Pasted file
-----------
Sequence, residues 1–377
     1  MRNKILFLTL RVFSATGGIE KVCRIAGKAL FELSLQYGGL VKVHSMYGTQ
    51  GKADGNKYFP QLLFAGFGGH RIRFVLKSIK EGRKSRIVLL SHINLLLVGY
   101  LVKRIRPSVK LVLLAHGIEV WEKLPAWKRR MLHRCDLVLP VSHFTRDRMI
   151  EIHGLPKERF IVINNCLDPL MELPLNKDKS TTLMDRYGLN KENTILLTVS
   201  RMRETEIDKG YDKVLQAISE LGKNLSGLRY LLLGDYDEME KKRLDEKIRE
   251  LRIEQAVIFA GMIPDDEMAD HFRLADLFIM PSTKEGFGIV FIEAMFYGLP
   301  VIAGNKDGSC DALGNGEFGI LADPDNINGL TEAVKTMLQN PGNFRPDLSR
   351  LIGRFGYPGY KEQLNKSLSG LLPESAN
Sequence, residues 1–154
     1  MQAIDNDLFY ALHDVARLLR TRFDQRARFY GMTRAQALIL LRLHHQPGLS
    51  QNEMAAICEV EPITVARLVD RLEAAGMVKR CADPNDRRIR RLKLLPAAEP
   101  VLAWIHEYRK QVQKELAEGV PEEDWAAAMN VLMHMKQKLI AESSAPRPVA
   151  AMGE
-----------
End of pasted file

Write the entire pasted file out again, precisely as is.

Sequence, residues 1–377
     1  MRNKILFLTL RVFSATGGIE KVCRIAGKAL FELSLQYGGL VKVHSMYGTQ
    51  GKADGNKYFP QLLFAGFGGH RIRFVLKSIK EGRKSRIVLL SHINLLLVGY
   101  LVKRIRPSVK LVLLAHGIEV WEKLPAWKRR MLHRCDLVLP VSHFTRDRMI
   151  EIHGLPKERF IVINNCLDPL MELPLNKDKS TTLMDRYGLN KENTILLTVS
   201  RMRETEIDKG YDKVLQAISE LGKNLSGLRY LLLGDYDEME KKRLDEKIRE
   251  LRIEQAVIFA GMIPDDEMAD HFRLADLFIM PSTKEGFGIV FIEAMFYGLP
   301  VIAGNKDGSC DALGNGEFGI LADPDNINGL TEAVKTMLQN PGNFRPDLSR
   351  LIGRFGYPGY KEQLNKSLSG LLPESAN
Sequence, residues 1–154
     1  MQAIDNDLFY ALHDVARLLR TRFDQRARFY GMTRAQALIL LRLHHQPGLS
    51  QNEMAAICEV EPITVARLVD RLEAAGMVKR CADPNDRRIR RLKLLPAAEP
   101  VLAWIHEYRK QVQKELAEGV PEEDWAAAMN VLMHMKQKLI AESSAPRPVA
   151  AMGE